Prescription Drug Prices Keep Rising Despite HHS Efforts

Prescription drug prices keep going higher despite the best efforts of Health and Human Services (HHS) efforts and the pressure from President Trump.


Prescription Drug: What Do Prices Hikes Look Like?

The news is not encouraging. Retail prices for 460 prescription drugs are increasing by an average of 5.2 percent for this year — in 2020. This is more than double the projected rate of inflation for this year, according to data provided by 3 Axis Advisors, a health care research firm.


These price increases were released  by 114 companies, as of Jan. 6, 2020. Several of these increases are on specialty drugs for rare diseases that are seldom covered by insurance. Seniors are especially hard-hit, as many can be simultaneously taking  3 to 5 medications per day.


Antonio Ciaccia, a founder of 3 Axis, says despite the pressure on drugmakers, price increases continue. Furthermore, many individuals cannot afford their treatments due to pricing, being on fixed incomes, and/or insurance companies not willing to pay for some medications.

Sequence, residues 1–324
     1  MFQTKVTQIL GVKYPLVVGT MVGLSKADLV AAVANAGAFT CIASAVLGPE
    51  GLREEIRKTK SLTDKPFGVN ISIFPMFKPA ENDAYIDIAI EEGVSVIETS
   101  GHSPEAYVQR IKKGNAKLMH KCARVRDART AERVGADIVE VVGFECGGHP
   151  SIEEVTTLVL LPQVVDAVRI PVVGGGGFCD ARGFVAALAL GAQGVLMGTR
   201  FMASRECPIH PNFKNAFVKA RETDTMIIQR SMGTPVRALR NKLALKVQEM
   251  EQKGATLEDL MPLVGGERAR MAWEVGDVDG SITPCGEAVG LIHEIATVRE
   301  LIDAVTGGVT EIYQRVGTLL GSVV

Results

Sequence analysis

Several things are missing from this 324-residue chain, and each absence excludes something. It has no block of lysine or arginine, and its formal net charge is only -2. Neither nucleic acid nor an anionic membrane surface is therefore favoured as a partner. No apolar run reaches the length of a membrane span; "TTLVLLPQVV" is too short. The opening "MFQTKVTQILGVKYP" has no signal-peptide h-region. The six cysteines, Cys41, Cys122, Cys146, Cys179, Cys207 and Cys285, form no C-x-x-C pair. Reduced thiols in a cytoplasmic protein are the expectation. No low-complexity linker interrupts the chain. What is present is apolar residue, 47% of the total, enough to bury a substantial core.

Prescription Drug: All Income Groups Affected

But, these groups are not the only ones adversely affected by rising drug prices. Although many citizens have drug plans that defray the full cost of medications, nevertheless, higher list prices inevitably bring higher premiums and deductibles.

Furthermore, smaller companies do not have the clout to negotiate drug price discounts. So, therefore, their employees with high-deductible health plans are also affected.


Here’s a look at some prescription medications that many older Americans commonly use and that are increasing in price in 2020, according to 3 Axis:

  • Humira, used to treat rheumatoid arthritis, up 7.4 percent
  • Revlimid, used to treat cancer, up 6 percent
  • Benicar, used to treat high blood pressure, up 5 percent
  • Januvia, used to help control Type 2 diabetes, up 4.9 percent
  • Lyrica, used to treat nerve and muscle pain, up 4.9 percent
  • Keytruda, used to treat cancer, up 1.5 percent


It appears that The Trump Administration has their work cut out for them in bringing down prescription drug prices.

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